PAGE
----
So, it’s about three days before the wedding. I was summoned to HB’s house to go over the music with her. Now, I have been bugging her for weeks for a list of songs that she’d like to hear, and she keeps forgetting. So I’ve been gathering music on my own – classics, a little mix of cheesy 80s music, some country songs, lots of traditional love songs, etc. The standard wedding fare. HB goes through the playlist and rejects all but about an hour of music. She then, finally, gives me her list – it’s all rap, the stuff the MOB had declared verboten. I conferred later with the MOB, who assured me that it was fine, just play what I have, HB won’t even notice, she’ll be so distracted. It put me in a really awful position, because on the one hand if I obeyed the bride I wouldn’t have enough music to play all night, and most of the stuff she picked wasn’t suitable for the older generation and children who would be there. If I listened to the MOB, I risked angering the bride on her so-called “day.” Ugh. And then the MOB spent the rest of the evening whining about my hair (which was short at the time, a pixie-cut) and how I shouldn’t have cut it, it made me look too much like a boy, how I might ruin the wedding, etc.

Finally, it’s the wedding day. T-minus fifteen minutes to start, and we’re missing a bridesmaid, half the bride’s invited family members, and the father of the bride. Missing BM eventually shows up; she’s five months pregnant and had Braxton-Hicks contractions. Family members trickle in right up to the point where we’re supposed to start, and finally the FOB (who is a complete jerk) turns up right as the pastor asks everyone to be seated. The wedding begins. It’s actually nice, brief and sweet. Nothing else happens, except for HB’s son (from another man) charging up and down the aisle a few times. The unity candles also refused to light at first, and I found out later that they’d forgotten to bring the rings. The pastor actually took off his own ring and passed it to the groom so he’d have something to put on her finger. It was kind of funny, in hindsight – and quick thinking on the part of the pastor.

Then it was time for the reception. I decided to do what the MOB said to do, and I played what I had. It went over very well – a few guests came up to compliment me on the music and even ask for a few artists and titles so they could find them on their own. This went on for a couple of hours, before things started to go south. One of the bridesmaids, thoroughly drunk at that point, came up and started requesting hardcore gangster rap, the stuff MOB told me not to play. There were elderly people and children at the reception, and the stuff she requested was just nonstop swearing, really obscene stuff. I told her no. She would not let up, and even tried to bully me away from my computer so she could play it herself. Then a couple of small children came up and started requesting the same stuff. I stood my ground, but when the bridesmaid threatened to take me outside and beat me up, I lost it and started to cry. Big, wracking sobs – I felt bad for making a scene, but all the stress and all the abuse just finally hit me and I couldn’t take it any more.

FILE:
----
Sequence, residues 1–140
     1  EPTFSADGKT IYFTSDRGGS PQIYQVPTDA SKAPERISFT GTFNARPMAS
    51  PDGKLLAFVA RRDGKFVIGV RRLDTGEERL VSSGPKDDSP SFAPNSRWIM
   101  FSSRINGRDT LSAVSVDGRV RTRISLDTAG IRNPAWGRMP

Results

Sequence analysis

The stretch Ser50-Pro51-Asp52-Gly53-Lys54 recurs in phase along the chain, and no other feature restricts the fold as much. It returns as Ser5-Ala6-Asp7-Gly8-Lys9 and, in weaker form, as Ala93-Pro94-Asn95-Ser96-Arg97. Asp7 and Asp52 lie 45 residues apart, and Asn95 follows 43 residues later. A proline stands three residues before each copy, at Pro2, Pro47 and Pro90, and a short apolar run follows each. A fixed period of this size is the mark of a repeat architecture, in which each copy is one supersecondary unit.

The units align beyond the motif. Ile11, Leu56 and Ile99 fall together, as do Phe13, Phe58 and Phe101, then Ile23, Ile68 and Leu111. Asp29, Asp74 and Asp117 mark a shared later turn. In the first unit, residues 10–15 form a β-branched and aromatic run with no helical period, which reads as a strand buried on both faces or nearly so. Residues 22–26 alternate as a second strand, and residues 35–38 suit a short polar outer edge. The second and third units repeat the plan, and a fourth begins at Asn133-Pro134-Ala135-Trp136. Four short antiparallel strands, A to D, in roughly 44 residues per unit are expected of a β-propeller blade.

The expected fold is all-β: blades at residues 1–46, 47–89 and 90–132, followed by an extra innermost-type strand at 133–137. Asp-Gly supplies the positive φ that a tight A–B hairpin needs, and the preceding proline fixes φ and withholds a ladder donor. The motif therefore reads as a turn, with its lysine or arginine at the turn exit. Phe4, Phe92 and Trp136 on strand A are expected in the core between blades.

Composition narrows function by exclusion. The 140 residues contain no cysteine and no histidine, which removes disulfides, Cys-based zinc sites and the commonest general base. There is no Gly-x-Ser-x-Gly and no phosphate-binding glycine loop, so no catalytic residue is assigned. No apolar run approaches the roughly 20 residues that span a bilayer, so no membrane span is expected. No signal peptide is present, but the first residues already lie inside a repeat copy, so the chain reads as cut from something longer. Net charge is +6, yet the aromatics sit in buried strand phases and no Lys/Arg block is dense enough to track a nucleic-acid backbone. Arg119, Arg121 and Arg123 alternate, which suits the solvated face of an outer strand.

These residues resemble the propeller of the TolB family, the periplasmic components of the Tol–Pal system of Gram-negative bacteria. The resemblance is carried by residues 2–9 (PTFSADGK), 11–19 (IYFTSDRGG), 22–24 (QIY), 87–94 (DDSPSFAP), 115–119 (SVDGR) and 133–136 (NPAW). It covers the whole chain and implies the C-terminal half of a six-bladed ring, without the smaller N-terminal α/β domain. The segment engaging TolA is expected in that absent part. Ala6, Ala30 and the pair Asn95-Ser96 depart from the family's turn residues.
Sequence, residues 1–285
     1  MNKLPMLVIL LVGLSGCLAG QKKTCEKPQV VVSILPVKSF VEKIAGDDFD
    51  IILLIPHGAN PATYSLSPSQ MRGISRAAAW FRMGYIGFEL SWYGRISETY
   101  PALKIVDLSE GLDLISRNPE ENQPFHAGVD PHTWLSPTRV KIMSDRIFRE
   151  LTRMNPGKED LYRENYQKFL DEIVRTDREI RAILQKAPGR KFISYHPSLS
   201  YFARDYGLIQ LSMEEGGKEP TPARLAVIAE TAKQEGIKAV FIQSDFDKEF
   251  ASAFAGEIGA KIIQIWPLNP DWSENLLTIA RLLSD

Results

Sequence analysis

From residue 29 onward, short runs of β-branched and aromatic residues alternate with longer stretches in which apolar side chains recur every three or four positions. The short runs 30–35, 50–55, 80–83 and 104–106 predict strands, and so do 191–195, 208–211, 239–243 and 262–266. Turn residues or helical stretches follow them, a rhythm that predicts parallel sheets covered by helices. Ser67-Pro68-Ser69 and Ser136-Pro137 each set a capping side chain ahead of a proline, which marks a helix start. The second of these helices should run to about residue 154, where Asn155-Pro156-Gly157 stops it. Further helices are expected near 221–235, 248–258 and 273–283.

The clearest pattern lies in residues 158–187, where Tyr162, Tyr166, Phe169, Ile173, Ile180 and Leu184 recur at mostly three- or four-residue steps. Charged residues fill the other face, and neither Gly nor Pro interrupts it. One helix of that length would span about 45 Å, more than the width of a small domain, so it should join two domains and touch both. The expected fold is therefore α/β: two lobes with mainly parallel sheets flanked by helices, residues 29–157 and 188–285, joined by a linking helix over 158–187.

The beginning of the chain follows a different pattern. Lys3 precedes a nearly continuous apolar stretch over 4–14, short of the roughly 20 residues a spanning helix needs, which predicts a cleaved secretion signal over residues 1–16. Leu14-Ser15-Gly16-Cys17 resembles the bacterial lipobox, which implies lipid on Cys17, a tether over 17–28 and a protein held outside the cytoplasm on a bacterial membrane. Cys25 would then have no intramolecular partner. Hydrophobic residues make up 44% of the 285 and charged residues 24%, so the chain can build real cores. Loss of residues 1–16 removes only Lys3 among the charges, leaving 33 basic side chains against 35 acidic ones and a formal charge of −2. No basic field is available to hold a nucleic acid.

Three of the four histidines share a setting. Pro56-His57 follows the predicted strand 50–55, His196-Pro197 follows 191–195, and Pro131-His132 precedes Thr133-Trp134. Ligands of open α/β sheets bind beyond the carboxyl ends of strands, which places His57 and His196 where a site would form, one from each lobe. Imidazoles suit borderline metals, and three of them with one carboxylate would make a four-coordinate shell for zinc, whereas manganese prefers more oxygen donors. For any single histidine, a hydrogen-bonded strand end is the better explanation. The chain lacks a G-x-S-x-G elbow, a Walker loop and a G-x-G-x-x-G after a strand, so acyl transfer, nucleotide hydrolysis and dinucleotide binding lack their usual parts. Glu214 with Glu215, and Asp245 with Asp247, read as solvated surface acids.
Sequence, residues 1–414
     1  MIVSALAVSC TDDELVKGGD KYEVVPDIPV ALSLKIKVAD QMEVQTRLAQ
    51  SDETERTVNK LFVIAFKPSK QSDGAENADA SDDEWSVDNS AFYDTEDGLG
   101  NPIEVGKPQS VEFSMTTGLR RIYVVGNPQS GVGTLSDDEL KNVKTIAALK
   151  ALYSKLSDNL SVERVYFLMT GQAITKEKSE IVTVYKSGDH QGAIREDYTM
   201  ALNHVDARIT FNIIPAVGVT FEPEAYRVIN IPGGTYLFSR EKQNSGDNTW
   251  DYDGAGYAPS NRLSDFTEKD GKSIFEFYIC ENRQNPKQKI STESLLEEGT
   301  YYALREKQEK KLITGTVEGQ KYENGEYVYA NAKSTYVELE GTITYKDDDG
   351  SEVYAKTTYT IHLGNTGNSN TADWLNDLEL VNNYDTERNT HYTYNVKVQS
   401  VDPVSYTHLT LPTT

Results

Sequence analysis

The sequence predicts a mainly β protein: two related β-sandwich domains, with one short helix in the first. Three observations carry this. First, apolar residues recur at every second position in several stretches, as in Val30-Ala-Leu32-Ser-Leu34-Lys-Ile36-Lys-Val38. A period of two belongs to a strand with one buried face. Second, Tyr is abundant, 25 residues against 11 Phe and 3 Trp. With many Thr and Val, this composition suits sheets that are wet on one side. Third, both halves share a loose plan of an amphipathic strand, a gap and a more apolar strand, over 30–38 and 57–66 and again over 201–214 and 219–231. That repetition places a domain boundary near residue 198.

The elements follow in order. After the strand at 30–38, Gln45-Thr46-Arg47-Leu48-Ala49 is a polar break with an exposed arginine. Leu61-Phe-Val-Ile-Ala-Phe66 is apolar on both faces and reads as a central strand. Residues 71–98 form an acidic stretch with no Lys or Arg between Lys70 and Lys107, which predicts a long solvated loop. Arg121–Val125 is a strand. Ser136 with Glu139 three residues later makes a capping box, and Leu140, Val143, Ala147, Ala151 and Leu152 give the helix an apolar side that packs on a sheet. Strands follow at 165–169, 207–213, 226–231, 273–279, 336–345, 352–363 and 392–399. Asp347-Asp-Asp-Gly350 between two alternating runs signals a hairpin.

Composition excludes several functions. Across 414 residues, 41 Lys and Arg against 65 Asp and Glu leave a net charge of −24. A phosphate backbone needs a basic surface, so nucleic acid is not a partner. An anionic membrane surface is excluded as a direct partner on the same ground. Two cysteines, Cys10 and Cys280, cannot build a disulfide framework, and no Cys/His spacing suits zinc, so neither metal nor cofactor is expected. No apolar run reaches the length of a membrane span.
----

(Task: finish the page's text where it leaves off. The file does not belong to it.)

To her credit, HB came over to find out what was wrong. I told her, and she became furious and went to have a word with her bridesmaid. She then came back to tell me that if anyone else hassled me about the music, she would – and I quote – “F*cking kick their f*cking a$$es.” She apologized, thanked me for helping so much, and invited me to come try to catch the bouquet – which I did, ha ha.

I’d like to say that this was the happy end to the story, but it’s not. Months later HB and her husband began having trouble, and then it came to light that they were not actually married, not legally – the paperwork had never been filed. All that work only to find out that they were never actually married. Then the HB went off and had an affair – with another woman, and the groom was arrested for tax fraud. I am so glad I moved away and have not spoken to any of those people since. Needless to say, should I get married they will not be invited.  0801-09

{ 40 comments… read them below or add one }

Laura February 23, 2010 at 11:01 am

Um… person in need of some major spinal growth here.

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Baby February 23, 2010 at 12:44 pm

“I’m sorry, but I cannot DJ your wedding as a gift; wedding gifts are optional, and should be items or tasks decided upon at the discretion (and within the budget) of the gift-giver. $500 is what I would charge for my time and services as a DJ, and I simply cannot afford a $500 wedding gift.”

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Jennifer February 23, 2010 at 1:44 pm

Say it with me, “That will not be possible.”

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L.A. Lady February 23, 2010 at 2:43 pm

“Just Say No”

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Claddagh Lass February 23, 2010 at 2:54 pm